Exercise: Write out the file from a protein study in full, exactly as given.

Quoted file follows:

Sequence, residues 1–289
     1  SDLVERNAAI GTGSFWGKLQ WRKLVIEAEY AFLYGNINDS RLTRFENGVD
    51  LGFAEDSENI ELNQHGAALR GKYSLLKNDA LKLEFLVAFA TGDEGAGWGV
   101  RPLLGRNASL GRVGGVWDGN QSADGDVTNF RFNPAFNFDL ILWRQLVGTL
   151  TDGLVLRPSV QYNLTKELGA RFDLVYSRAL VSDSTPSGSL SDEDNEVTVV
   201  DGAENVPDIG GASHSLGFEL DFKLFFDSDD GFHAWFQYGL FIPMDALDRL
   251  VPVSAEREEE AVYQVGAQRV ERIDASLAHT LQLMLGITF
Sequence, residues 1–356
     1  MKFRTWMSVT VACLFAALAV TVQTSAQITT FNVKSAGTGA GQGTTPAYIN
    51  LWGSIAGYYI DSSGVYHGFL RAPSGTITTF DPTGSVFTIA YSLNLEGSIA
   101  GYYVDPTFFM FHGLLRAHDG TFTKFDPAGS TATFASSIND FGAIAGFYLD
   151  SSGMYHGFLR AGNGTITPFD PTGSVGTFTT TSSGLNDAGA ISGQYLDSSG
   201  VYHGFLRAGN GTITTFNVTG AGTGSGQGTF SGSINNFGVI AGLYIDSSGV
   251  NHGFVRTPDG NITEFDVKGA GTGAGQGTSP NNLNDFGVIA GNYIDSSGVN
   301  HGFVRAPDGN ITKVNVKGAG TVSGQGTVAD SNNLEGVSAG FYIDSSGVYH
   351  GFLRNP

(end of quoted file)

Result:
Sequence, residues 1–289
     1  SDLVERNAAI GTGSFWGKLQ WRKLVIEAEY AFLYGNINDS RLTRFENGVD
    51  LGFAEDSENI ELNQHGAALR GKYSLLKNDA LKLEFLVAFA TGDEGAGWGV
   101  RPLLGRNASL GRVGGVWDGN QSADGDVTNF RFNPAFNFDL ILWRQLVGTL
   151  TDGLVLRPSV QYNLTKELGA RFDLVYSRAL VSDSTPSGSL SDEDNEVTVV
   201  DGAENVPDIG GASHSLGFEL DFKLFFDSDD GFHAWFQYGL FIPMDALDRL
   251  VPVSAEREEE AVYQVGAQRV ERIDASLAHT LQLMLGITF
Sequence, residues 1–356
     1  MKFRTWMSVT VACLFAALAV TVQTSAQITT FNVKSAGTGA GQGTTPAYIN
    51  LWGSIAGYYI DSSGVYHGFL RAPSGTITTF DPTGSVFTIA YSLNLEGSIA
   101  GYYVDPTFFM FHGLLRAHDG TFTKFDPAGS TATFASSIND FGAIAGFYLD
   151  SSGMYHGFLR AGNGTITPFD PTGSVGTFTT TSSGLNDAGA ISGQYLDSSG
   201  VYHGFLRAGN GTITTFNVTG AGTGSGQGTF SGSINNFGVI AGLYIDSSGV
   251  NHGFVRTPDG NITEFDVKGA GTGAGQGTSP NNLNDFGVIA GNYIDSSGVN
   301  HGFVRAPDGN ITKVNVKGAG TVSGQGTVAD SNNLEGVSAG FYIDSSGVYH
   351  GFLRNP